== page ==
As a German native, I’ve always been fascinated by my country’s prosperity and cultural and technological advances.
Great curiosity about these developments makes me research a lot, surprising me with more interesting aspects.
In this post, I will share with you everything I know about the fascinating country of Germany and its present state.
Is Germany a first world country?
Germany is a first world country that is known for its highly developed and strong economy, innovativeness, and competitiveness. Germany is an advanced economy and is one of the world leaders in sciences.
Moreover, Germany is one of the major political powers in global politics.
Yet, Germany may also count as a second-world country if you use the cold war definition because East Germany was allied with the Soviet Union during the Cold War. Whereas West Germany was a first world country.
Yet, the contemporary definition of “first world country” describes a highly developed and industrialized country with prosperity, democracy with political and economic stability.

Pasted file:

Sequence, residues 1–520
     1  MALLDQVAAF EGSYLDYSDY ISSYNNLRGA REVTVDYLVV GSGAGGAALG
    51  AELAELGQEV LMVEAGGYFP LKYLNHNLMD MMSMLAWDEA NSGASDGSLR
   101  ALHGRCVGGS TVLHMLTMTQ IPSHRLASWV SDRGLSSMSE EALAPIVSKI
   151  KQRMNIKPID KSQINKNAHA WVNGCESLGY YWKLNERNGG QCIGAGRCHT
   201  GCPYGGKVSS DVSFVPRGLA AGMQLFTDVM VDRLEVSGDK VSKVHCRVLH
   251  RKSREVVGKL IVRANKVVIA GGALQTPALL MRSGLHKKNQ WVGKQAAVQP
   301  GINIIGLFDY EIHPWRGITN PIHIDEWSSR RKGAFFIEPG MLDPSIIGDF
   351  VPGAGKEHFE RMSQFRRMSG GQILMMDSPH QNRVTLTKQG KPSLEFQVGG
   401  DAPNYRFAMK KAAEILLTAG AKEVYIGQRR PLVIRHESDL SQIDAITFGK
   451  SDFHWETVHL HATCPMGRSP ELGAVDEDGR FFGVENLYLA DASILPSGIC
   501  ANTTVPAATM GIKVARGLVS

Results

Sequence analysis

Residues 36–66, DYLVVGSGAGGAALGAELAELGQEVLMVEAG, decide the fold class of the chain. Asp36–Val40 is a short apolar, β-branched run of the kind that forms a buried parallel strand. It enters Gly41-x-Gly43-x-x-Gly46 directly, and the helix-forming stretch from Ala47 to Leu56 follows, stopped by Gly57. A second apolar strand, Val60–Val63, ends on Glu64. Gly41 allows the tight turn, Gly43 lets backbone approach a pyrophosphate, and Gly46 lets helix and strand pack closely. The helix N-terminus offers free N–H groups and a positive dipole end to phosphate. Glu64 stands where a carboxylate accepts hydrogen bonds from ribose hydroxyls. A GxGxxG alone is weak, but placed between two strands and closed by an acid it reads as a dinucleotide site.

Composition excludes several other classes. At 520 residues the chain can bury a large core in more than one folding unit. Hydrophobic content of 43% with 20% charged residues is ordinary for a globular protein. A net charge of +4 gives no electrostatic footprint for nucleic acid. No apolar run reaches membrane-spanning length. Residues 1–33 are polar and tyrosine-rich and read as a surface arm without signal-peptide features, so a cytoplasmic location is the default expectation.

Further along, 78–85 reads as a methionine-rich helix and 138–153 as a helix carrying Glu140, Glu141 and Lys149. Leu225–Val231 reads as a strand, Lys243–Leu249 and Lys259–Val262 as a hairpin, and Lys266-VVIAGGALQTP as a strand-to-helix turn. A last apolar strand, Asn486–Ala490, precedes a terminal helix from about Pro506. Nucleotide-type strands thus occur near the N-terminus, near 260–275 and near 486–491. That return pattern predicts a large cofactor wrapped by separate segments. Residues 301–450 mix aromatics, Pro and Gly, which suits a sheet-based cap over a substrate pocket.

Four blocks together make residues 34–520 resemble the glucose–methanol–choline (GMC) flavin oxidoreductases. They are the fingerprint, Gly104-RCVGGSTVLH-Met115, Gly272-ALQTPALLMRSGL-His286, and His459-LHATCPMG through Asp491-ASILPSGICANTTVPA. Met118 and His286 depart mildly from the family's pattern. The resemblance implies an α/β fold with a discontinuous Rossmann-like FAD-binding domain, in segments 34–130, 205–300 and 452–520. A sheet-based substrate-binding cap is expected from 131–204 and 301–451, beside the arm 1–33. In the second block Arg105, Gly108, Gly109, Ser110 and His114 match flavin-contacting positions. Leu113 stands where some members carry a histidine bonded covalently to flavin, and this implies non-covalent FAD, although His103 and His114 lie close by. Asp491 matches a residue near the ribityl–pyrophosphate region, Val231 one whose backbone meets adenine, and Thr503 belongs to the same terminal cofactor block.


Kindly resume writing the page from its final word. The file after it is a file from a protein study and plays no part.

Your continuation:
In the modern sense, Germany ticks all the boxes, and by all definitions, Germany is a first world country.
What is meant by ”first world country”?
Originally, the term “first world” was coined during the Cold War in the 1950s. First world countries referred to the US and its allies.
The second world was used for the Soviet Union and its allies, and the third world was used for neutral countries.
However, after the collapse of the Soviet Union in 1991, its meaning changed greatly.
At the present time, the expression of “first world country” is used to describe a well-developed and industrialized country with
- political and economic prosperity,
- rule of law, and
- high standard of living.